7 Prize-Winning Books From 2014 To Pick Up Now

'Tis the season for gold stickers on fresh book covers. Here's our lowdown on the best of the best of this year.

By Leigh Newman

  • The Winner in the Wrong Category
    <em><strong><a href="http://www.amazon.com/Am-Malala-Stood-Education-Taliban/dp/031628663X?tag=thehuffingtop-20" target="_bla
    I Am Malala
    By Malala Yousafzai, Christina Lamb

    The Nobel Prize in Literature has gone to some pretty heavy hitters (think Alice Munro and Toni Morrison), but this year the Nobel Peace Prize winner also happens to be an author, whose memoir every American woman should read. The book's subtitle explains the main events of the painfully true story (The Girl Who Stood Up for Education and Was Shot by the Taliban), but there are other compelling—and illuminating—reasons to pick up the book, such as the complex history of Pakistan, as lived by a seemingly ordinary family, and the relationship between a father and a daughter, both heroes for education and freedom in their own right.
  • The Winner You'll Be the First in Your Book Club to Read
    <strong><em><a href="http://www.amazon.com/Suspended-Sentences-Novellas-Margellos-Republic/dp/0300198051?tag=thehuffingtop-20
    Suspended Sentences: Three Novellas
    By Patrick Modiano, Mark Polizzotti (Translator)

    If you haven't heard of this year's Nobel Prize in Literature winner, Patrick Modiano, you're not alone. His books are relatively unknown outside his native France, but his portrayals of wartime France and the 1960s read like black-and-white photographs—haunting, wistful and unforgettable. Start with the prize winner's latest novel to be translated into English, Suspended Sentences.
  • The Winner with That Unexpected Twist
    <strong><em><a href="http://www.amazon.com/Godforsaken-Idaho-Shawn-Vestal/dp/0544027760?tag=thehuffingtop-20" target="_blank"
    Godforsaken Idaho
    By Shawn Vestal

    This collection of powerful stories, by the ex-Mormon Shawn Vestal, was called a "slam-dunk debut" that "casts a cinematic shadow on the American West" by O magazine last year. This year, it won the PEN/Robert W. Bingham Prize for Debut Fiction. Why you'll love it? The mix of everyday people struggling through everyday life (e.g,, a teenager seduced into robbing houses with his father) and fantastical fiction (e.g., a heaven with a cafeteria that serves every meal you ever had in your life). Or, as the O magazine reviewer wrote, "The doubters in these stories lose religion, but find that 'nothing that happens has to be real, and anything is possible.'"
  • The Winner That Takes You to Another World
    <strong><em><a href="http://ninamcconigley.com/" target="_blank">Cowboys and East Indians</a></em></strong>
<br>By Nina McCon
    Cowboys and East Indians
    By Nina McConigley

    In Nina McConigley's winsome collection Cowboys and East Indians, expect characters as unforgettable as a tough, Western middle-aged man who dresses in drag and an Indian-born woman (from India) who feels more at home in a cowboy bar than at a Hindu festival. This smart examination at how two seemingly alien cultures mesh—or don't—won the PEN Open Book Award given to a writer of color. But the real achievement is the author's mix of hilarity and intelligence. A fresh and insightful read.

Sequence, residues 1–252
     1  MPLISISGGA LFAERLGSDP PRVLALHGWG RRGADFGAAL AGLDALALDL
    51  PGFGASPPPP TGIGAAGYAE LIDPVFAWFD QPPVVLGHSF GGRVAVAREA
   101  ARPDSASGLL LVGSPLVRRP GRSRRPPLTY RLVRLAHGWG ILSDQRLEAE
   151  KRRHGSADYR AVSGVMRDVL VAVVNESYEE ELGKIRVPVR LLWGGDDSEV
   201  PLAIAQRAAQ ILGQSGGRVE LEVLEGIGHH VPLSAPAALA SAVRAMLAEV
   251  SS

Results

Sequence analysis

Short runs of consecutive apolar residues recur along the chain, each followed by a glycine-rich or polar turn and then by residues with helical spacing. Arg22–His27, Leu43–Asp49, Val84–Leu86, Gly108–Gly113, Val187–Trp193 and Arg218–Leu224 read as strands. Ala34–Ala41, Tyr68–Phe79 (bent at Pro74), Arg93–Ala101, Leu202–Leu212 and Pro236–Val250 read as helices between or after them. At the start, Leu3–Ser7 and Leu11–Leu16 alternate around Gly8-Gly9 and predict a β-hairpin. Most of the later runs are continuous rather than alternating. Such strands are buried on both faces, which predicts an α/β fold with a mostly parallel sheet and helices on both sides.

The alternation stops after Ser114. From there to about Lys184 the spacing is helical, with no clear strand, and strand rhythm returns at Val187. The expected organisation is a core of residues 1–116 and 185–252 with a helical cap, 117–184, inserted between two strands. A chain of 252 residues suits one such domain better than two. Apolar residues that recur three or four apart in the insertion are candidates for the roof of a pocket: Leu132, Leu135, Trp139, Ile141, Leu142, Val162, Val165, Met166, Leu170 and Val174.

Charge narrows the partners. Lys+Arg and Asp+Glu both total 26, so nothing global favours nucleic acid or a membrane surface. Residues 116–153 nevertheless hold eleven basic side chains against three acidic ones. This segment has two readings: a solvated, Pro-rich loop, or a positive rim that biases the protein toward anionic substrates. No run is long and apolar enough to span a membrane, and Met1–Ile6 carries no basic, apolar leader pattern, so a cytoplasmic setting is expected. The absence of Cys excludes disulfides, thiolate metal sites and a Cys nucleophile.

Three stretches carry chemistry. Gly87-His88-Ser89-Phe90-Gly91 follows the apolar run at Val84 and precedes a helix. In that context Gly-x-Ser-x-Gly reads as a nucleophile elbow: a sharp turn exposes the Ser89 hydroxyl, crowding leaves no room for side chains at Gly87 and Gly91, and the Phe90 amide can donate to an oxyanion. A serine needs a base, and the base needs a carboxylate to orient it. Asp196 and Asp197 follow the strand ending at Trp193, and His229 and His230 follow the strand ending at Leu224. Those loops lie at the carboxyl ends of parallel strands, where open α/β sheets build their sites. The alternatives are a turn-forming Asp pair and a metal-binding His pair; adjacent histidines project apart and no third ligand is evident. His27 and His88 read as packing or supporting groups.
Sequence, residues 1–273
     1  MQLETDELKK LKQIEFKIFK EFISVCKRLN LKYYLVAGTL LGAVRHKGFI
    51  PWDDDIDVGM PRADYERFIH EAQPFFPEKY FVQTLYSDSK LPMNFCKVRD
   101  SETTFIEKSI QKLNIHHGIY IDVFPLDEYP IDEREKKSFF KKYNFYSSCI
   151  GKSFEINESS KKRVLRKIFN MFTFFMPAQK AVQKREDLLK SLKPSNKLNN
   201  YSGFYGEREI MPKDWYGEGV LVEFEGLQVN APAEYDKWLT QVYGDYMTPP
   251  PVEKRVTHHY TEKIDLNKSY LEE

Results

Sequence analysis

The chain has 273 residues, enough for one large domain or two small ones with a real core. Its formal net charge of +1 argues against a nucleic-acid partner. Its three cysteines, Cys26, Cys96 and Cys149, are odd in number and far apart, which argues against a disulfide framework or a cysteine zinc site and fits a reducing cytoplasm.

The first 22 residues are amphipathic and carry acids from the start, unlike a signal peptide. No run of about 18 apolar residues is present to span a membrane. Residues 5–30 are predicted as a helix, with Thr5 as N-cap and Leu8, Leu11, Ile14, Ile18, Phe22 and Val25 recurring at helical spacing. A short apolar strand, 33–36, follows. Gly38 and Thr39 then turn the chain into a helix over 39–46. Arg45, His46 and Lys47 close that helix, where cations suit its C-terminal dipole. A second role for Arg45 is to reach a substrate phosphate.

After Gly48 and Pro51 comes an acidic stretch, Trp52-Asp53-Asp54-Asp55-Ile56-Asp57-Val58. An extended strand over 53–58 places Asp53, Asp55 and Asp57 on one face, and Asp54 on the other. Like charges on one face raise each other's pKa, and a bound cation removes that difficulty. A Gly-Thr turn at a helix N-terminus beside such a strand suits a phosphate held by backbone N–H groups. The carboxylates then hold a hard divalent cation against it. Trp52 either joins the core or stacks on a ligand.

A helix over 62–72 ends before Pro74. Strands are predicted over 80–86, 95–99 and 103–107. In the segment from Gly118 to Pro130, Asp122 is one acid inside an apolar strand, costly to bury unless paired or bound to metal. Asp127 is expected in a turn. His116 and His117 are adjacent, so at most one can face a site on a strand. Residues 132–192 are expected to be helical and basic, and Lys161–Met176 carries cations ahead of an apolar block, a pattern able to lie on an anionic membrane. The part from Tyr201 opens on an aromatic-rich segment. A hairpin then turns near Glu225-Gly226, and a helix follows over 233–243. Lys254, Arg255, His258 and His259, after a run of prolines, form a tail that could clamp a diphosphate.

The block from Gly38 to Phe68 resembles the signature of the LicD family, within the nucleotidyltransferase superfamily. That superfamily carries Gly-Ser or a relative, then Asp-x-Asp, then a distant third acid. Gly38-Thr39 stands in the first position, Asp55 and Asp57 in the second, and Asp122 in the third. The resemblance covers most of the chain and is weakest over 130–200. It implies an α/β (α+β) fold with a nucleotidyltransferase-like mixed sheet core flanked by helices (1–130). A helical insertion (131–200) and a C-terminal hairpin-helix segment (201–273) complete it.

• The Winner That Will Make You Weep
  • The Finalist Too Compelling to Put Down
    <strong><em><a href="http://www.amazon.com/Station-Eleven-Emily-John-Mandel/dp/0385353308?tag=thehuffingtop-20" target="_blan
    Station Eleven
    By Emily St. John Mandel

    Though this novel begins with the death of a 51-year-old actor during a performance of King Lear, it quickly flips into a bleak, mysterious future in which most of the world has been killed off by a pandemic flu. Two young people, who now play instruments and act in the productions of a theatrical caravan called Traveling Symphony, walk from ad hoc town to ad hoc town, dodging doomsday cults and bandits, clinging to a certain comic book written by the actor's ex-wife—the last link to the civilization that vanished when they were almost too young to remember it. A finalist for the National Book Award, this imaginative, dazzling read is so eerily timely that it both terrifies and seduces.
  • The Winner the Whole Country Needs To Read (Right Now)
    <strong><em><a href="http://www.amazon.com/Redeployment-Phil-Klay/dp/1594204993?tag=thehuffingtop-20" target="_blank">Redeplo
    By Phil Klay

    This "stunning, often brutal collection of stories that critically examine the complexities of war and the wounds inflicted both on the front lines and at home," won the National Book Award for fiction—an honor often considered the writers' writing award, or the most artistic of the national prizes. Phil Klay's spare, unflinching prose reflects his previous career as a U.S. Marine Corps veteran serving in Iraq. A fierce and heart-rending read.



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